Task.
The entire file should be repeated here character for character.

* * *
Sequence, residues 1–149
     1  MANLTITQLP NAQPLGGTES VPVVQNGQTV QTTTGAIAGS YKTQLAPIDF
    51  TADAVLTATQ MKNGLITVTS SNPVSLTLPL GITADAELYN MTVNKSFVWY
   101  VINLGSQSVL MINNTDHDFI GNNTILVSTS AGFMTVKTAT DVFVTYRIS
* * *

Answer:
Sequence, residues 1–149
     1  MANLTITQLP NAQPLGGTES VPVVQNGQTV QTTTGAIAGS YKTQLAPIDF
    51  TADAVLTATQ MKNGLITVTS SNPVSLTLPL GITADAELYN MTVNKSFVWY
   101  VINLGSQSVL MINNTDHDFI GNNTILVSTS AGFMTVKTAT DVFVTYRIS